JOY ZINOMAN: began in the theatre as a professional child actress in Chicago sixty-one years ago at the age of nine. I knew what I wanted to do at an early age and never wavered. I was inspired by my teacher, Alvina Krause at Northwestern University where I went on an acting scholarship at age sixteen.
JL: How long did you serve as Founding Artistic Director of Studio Theatre? What drew you to working to this position? What kept you there?
JZ: The Studio Theatre was founded in 1979 and I served as Artistic Director from its beginning until stepping down in September 2010. So over thirty years. I stayed because I loved the work.
JL: What was the most valuable lesson you learned in your tenure? Also, what traits do you feel a successful Founding Artistic Director should have to support the health and growth of an organization?
JZ: It's harder to make art with strangers.You never know which shows will sell.You learn the most by teaching.It's not where you get to but how you get there. The big fish do not eat the small fish.
JL: What excited you most about being an Founding Artistic Director? What do you feel your greatest challenge was?
JZ: The greatest responsibility of an Artistic Director is choosing the work, choosing the artists and inspiring an organization. Most exciting is releasing the creativity of everyone toward common goals. Those are also the greatest challenges. Personally, the greatest challenge is having a career as a theatre artist and having a family.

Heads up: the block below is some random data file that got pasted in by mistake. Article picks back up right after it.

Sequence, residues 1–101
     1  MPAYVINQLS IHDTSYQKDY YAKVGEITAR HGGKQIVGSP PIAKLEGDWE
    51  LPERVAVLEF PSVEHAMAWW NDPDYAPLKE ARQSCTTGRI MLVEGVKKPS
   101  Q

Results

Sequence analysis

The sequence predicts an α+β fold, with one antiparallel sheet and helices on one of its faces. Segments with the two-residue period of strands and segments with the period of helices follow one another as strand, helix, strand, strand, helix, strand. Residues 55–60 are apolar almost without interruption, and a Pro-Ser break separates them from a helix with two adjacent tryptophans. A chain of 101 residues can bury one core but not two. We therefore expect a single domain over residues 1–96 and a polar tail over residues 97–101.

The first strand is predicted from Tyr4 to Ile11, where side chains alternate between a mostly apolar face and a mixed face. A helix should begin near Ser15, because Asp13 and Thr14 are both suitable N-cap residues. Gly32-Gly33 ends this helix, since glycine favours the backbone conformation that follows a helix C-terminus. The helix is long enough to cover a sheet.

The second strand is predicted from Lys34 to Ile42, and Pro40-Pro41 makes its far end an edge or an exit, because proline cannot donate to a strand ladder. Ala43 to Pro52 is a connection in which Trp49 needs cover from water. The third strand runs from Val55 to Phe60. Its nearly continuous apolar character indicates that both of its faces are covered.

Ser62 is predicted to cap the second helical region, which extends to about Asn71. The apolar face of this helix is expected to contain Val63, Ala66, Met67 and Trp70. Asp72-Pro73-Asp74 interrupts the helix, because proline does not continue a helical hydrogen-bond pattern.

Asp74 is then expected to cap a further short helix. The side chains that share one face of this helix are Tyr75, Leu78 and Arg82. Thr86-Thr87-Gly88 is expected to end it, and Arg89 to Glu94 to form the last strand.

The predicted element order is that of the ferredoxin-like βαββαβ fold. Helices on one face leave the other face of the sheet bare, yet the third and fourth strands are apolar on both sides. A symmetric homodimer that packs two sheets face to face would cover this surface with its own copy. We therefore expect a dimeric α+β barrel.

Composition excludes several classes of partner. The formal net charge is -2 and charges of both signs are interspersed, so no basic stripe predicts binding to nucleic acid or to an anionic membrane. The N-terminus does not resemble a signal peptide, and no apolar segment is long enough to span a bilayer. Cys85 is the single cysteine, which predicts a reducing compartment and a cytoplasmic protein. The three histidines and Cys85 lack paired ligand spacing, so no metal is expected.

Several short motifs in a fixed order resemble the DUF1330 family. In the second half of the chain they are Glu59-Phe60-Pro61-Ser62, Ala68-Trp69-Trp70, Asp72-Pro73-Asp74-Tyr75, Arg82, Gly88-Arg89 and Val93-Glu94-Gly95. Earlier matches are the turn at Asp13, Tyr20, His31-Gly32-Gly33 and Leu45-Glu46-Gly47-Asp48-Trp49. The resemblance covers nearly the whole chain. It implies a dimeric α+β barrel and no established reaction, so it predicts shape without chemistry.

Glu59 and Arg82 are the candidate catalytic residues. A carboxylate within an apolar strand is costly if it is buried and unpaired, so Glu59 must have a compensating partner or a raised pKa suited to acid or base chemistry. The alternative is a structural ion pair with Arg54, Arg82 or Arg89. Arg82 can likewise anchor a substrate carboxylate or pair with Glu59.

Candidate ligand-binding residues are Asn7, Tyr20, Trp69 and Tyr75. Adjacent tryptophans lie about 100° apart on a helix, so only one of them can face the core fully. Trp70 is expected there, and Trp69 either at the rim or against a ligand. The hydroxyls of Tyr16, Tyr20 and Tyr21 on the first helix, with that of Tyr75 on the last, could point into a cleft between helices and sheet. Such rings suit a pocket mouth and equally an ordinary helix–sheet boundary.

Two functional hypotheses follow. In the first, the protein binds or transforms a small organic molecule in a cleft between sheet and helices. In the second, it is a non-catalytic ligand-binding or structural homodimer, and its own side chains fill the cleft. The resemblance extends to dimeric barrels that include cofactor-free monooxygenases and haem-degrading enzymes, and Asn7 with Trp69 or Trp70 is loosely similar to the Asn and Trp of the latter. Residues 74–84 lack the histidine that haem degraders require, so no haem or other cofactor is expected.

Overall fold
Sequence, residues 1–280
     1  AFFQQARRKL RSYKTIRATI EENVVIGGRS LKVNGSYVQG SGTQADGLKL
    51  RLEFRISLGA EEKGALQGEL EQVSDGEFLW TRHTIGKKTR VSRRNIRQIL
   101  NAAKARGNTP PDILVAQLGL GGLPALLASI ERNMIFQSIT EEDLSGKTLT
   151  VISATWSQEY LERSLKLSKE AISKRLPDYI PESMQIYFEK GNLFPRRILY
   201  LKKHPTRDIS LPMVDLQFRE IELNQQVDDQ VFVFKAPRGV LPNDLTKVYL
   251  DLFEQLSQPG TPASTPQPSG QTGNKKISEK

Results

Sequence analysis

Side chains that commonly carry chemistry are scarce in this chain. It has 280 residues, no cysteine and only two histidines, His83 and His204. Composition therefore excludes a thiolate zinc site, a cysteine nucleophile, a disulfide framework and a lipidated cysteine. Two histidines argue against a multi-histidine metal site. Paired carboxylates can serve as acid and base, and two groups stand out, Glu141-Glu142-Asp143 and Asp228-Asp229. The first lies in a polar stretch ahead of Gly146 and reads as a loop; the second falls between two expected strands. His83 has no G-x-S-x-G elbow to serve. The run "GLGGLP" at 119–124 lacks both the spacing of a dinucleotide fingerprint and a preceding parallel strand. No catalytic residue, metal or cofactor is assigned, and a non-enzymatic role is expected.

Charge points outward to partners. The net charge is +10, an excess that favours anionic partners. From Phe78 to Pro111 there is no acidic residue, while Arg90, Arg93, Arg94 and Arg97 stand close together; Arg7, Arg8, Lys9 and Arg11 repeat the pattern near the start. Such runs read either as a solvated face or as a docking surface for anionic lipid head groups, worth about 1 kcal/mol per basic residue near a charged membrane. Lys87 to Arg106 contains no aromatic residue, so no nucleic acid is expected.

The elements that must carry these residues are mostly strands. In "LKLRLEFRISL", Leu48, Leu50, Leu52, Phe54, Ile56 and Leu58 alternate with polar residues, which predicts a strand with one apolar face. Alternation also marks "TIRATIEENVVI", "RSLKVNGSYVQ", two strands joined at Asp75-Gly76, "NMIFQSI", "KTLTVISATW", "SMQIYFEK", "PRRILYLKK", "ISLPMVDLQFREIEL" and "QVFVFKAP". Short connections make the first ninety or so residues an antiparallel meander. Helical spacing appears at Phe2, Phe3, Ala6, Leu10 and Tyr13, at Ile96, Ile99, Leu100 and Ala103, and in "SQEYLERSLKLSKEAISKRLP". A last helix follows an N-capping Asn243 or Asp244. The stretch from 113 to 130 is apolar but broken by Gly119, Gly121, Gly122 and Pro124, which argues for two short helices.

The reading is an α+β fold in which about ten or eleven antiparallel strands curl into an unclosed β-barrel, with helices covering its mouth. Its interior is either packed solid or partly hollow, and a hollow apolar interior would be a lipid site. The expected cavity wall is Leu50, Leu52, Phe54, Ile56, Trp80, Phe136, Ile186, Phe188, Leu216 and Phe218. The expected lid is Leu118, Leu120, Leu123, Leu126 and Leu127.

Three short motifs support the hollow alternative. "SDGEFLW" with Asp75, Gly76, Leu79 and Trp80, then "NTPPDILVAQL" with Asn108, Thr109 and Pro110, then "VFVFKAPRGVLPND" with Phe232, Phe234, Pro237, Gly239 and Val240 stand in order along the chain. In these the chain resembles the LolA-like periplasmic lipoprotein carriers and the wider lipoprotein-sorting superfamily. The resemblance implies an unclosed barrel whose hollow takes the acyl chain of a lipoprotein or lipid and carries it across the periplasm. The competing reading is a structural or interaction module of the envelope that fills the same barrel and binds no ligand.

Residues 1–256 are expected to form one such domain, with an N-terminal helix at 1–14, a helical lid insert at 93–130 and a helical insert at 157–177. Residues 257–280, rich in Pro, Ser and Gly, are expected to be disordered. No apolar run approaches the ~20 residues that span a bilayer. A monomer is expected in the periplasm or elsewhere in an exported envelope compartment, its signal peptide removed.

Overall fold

JL: Did your work as Founding Artistic Director pay the bills? If not, what else did you do? How do you balance your role leading an organization with your work as a director? Are you ever able to direct outside of your company?
JZ: I was fortunate in the early years that my family sacrificed so I could work in the theatre. I did teach acting and directing to many devoted students before, during and after my life as an Artistic Director. I believe my work as a director satisfied me artistically and gave me the impetus to build and lead an organization. Because of my family, I made a decision to only direct at The Studio Theatre until I retired.
JL: Looking at your body of work as Founding Artistic Director and now a director in the community, how conscious were you of selecting plays by women or people of color when deciding your season? Also, when it comes to hiring administrators, designers and other directors do you take race and gender into consideration?
JZ: Yes, I was always conscious of selecting plays and colleagues with regard to race and gender.
JL: DC audiences are . . .
JZ: Sophisticated, very bright, aware of the bigger world and willing to be challenged.
JL: DC actors and designers are . . .
JZ: Has many parts: Superb experienced players of the first generation who began as the Theaters in DC grew and thrived, young actors drawn here by the theatre scene and it's opportunities, student actors coming out of local universities and Washington training programs. I have worked with the same very few wonderful designers for my whole career and continue to do so.
JL: DC playwrights are …
JZ: Have as tough a time getting their work seen here as everywhere.
JL: DC critics are . . .
JZ: Part of the essential artist- audience- critic ecosystem necessary to create a great theatre atmosphere. They are challenged by the rapidly changing media landscape.
JL: What advice do you have for an up and coming theatre artists who have just moved to D.C.?
JZ: Don't give up easily. Make sure you keep training. Embrace permanent space. Love the audience.
JL: What's next for you as a director and your company?
JZ: Next up for me is a production of a beautiful play by Amy Herzog called 4000 Miles. It will open in March in the Mead Theatre at the Studio Theatre designed by Russell Metheny and starring legendary actress Tana Hicken. I can't wait for rehearsals to begin.